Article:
Cover of Better Than Before

A Book Recommendation for You

Kitty Boitnott, Ph.D., NBCT, RScP

Career Transition and Job Search Coach | Life Strategies and Stress Management Coach


Last week, I wrote about priorities and how important they are in our lives. After all, if we don't set priorities, we can find ourselves behaving in ways that cause us to feel scattered and ungrounded. Having priorities and being clear about what they are and in what order we have them can help us feel that we have more control in our lives.

Today, I would like to offer a book for your consideration. This book is by New York Times bestseller, Gretchen Rubin, the author of The Happiness Project. But the book I want to recommend to you is not that book (although it is good, too) but her second book, Better Than Before:  What I Learned about Making and Breaking Habits--to Sleep More, Quit Sugar, Procrastinate Less, and Generally Build a Happier Life.

In this insightful and easy-to-read guide to the tendencies we have and our inclinations with regard to habits and behavior,  Gretchen offers the following: 

"The Habits Manifesto"

by Gretchen Rubin

From Better Than Before (p. xii)

What we do every day matters more than what we do once in a while.

Make it easy to do right and hard to go wrong.

Focus on actions, not outcomes.

Things often get harder before they get easier.

When we give more to ourselves, we can ask more from ourselves.

We're not very different from other people, but those differences are very important.

It's easier to change our surroundings than ourselves.

We can't make people change, but when we change, others may change.

We should make sure the things we do to feel better don't make us feel worse.

We manage what we monitor.

Once we're ready to begin, begin now.


What I know from my own experience is that the key to a happier, healthier life lies in what we do every day on a consistent basis, not on what we do every now and again or sporadically.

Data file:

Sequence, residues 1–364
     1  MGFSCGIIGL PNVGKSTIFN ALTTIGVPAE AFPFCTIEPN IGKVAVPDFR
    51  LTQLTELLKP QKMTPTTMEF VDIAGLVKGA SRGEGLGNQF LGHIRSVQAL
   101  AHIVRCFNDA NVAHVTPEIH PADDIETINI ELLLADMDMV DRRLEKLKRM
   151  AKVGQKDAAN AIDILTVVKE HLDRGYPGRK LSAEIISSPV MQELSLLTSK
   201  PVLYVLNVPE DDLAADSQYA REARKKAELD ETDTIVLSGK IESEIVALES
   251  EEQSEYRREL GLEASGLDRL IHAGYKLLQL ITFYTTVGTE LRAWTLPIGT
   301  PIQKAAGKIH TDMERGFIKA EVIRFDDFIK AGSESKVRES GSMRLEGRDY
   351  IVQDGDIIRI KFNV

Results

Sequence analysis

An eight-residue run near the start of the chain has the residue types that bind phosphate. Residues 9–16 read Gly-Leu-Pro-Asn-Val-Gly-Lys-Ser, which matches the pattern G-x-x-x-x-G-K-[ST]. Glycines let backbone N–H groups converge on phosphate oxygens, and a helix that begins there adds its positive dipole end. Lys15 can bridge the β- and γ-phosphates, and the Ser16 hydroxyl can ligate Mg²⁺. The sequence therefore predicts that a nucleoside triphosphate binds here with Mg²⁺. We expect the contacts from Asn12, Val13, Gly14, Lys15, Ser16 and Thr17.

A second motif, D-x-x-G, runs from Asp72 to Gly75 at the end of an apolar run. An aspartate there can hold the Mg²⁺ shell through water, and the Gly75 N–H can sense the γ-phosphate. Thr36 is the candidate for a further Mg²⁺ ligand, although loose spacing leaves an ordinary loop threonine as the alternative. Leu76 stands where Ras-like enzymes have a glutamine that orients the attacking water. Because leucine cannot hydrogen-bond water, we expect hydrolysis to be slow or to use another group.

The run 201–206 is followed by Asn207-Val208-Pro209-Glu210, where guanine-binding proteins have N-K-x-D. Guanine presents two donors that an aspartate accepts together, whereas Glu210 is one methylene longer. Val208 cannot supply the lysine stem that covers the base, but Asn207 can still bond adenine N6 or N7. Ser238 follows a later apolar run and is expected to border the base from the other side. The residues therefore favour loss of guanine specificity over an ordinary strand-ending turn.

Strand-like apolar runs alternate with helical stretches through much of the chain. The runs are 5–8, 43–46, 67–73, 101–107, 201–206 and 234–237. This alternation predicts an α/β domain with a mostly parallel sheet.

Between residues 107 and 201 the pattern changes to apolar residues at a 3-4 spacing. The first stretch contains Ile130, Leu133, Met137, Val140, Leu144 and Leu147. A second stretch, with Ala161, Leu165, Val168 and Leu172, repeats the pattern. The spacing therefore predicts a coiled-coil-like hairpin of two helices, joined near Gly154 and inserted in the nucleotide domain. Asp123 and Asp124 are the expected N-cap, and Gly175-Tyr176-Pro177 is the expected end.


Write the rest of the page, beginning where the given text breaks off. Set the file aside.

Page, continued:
This is especially true when it comes to healthy habits. For them to have a truly beneficial effect, you have to practice healthy habits on a consistent basis, day after day, week after week, month after month. 

We live in a time, however, when we expect instant gratification, and when we don't see instant results from our efforts, we decide that it doesn't work or it isn't worth the perceived sacrifice or effort we are making.

One of my favorite lines from Gretchen's book is this:  "For good and bad, habits are the invisible architecture of daily life." (p. 7)

Think about that for a moment. Whether we practice good habits or not, we see the results ultimately in our lives as we age and progress through life. The time to decide to live a healthy life and to make it a habit is now...not tomorrow and not next week. If you wait until you are sick to decide to practice healthy habits, you have waited too long, yet how often do we hear of people who have major health scares that frightened them into making lifestyle changes in their diets or exercise routines.

Another interesting aspect of this book that you may find useful is the four tendencies that Gretchen believes most people exhibit when it comes to habit formation. There is the (1) Upholder; (2) the Obliger; (3) the Rebel; (4) and the Questioner.

Depending on your particular tendency, forming habits may be more or less difficult. You'll want to read the book yourself to see which tendency you gravitate toward. For myself, I tend to be an "Upholder," but I recognized the rest of my family as having other tendencies. My sister, for example, is an "Obliger," my brother is a "Rebel," while my dad was a "Questioner." (My mom, like myself, tended to be more of an "Upholder.")

All of this just means that we have individualized approaches to the expectations we set for ourselves as well as the expectations that others set out for us and how we manage and meet those expectations.

If you are in search of a good self-help book that is easy to read and engaging to boot, I recommend this one for you. It may help you decide once and for all to adopt a habit that will change the ultimate trajectory of your life whether it pertains to your health, your productivity, or your relationships. Our habits impact all three of those areas, and for that reason, we need to pay attention to them, don't you think?

Until next time.


Vanessa Jackson
Phoenix Rising Coaching
1541 Flaming Oak
New Braunfels Texas 78132
United States of America